How Not to Be a Tenured Ally

October 28, 2013

A few days ago, I “overheard” a Twitter conversation between two tenured folks I follow and very much admire. But this conversation made me pretty upset. The gist of it goes something like this:

Tenured A: I wish that the conversation about “the tenured” weren’t so monolithic.

Tenured B: I know! My route to tenure was so different from the usual narrative!

Tenured A: Me, too! I don’t even believe in the meritocracy!

Tenured B: Me, neither!*

There’s also this recent essay by Martin Kich on, “Addendum to Aaron Barlow’s “To My Tenured Colleagues”: To My Adjunct Colleagues,” which raises some good points and also provides a number of excuses. On the good side, it points out that adjuncts shouldn’t try to abolish tenure and/or university unions, as it will only muck it up for everyone (although I know no one who’s suggested this, or even wants it; rather, it’s generally the opposite, as adjuncts want a voice in those spaces.). On the bad side, it provides more excuses and handwringing about getting tenure-track and tenured people to do anything.

Mostly, I have an issue with this paragraph:

So, although I very much agree that the situation for adjunct faculty will not improve until their full-time colleagues become much more fully committed to making such changes, I think that characterizing most tenured faculty as generally resistant to such changes may ultimately be counterproductive, if only because it actually reinforces the institutional practices that have focused on distinctions rather than on common interests and common cause. More to the point, there is a danger that a characterization of tenured faculty as both a disinterested privileged class and as a necessary ally may constitute such a mixed message that it will actually confuse issues and delay much-needed change.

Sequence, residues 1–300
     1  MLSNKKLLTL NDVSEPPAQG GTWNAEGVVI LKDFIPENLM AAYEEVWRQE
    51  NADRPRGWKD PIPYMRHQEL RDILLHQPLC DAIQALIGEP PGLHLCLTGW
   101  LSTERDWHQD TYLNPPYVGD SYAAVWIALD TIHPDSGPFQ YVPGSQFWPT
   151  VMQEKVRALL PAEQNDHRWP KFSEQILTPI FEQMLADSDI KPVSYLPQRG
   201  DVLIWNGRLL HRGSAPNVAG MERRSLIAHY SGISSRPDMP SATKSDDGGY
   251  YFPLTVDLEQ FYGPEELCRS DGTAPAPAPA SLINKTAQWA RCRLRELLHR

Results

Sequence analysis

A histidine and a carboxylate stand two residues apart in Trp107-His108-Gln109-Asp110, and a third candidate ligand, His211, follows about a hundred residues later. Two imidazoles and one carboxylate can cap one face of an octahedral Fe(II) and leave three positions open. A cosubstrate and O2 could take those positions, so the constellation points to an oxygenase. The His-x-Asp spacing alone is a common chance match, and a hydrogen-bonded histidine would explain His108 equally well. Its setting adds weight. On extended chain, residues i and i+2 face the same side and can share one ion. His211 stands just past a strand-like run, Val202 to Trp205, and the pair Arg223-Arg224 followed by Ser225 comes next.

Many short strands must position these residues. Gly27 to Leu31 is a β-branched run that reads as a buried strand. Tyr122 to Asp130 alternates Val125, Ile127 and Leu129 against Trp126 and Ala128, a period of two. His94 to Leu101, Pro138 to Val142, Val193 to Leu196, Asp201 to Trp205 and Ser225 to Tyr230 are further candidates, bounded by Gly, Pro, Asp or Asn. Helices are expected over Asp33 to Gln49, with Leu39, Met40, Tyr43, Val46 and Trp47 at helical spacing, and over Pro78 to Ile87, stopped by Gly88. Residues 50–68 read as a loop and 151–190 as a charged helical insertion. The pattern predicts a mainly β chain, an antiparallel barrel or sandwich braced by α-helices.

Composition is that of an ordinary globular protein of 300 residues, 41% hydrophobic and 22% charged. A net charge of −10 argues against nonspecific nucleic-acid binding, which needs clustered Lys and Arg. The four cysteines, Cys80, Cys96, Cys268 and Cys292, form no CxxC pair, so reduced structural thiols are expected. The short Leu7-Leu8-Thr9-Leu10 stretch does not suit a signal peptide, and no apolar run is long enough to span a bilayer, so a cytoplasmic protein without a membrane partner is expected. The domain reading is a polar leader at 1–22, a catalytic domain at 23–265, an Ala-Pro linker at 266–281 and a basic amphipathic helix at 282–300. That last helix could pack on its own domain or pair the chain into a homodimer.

Okay, I get it. I know that, by and large, individual people with tenure are not the natural enemy of the adjunct. The tenured, and those on the tenure track, face the same cutbacks to university instruction that affect adjuncts. It’s all part of the same system, and, really, we should both look warily at the ballooning numbers of people in administration at the very same time that faculty positions are being cut.

But—and this is a huge one—tenured and tenure track faculty’s failure as a class to act in ways that support their adjunct colleagues does indeed make them a disinterested privileged class.  In both the Twitter conversation above, and Kich’s blog entry, the problem is that this cycle happens: 1) someone critiques the behavior of tenured professors as a whole; 2) a tenured person says they are the exception; 3) nothing happens to change adjuncts’ situations.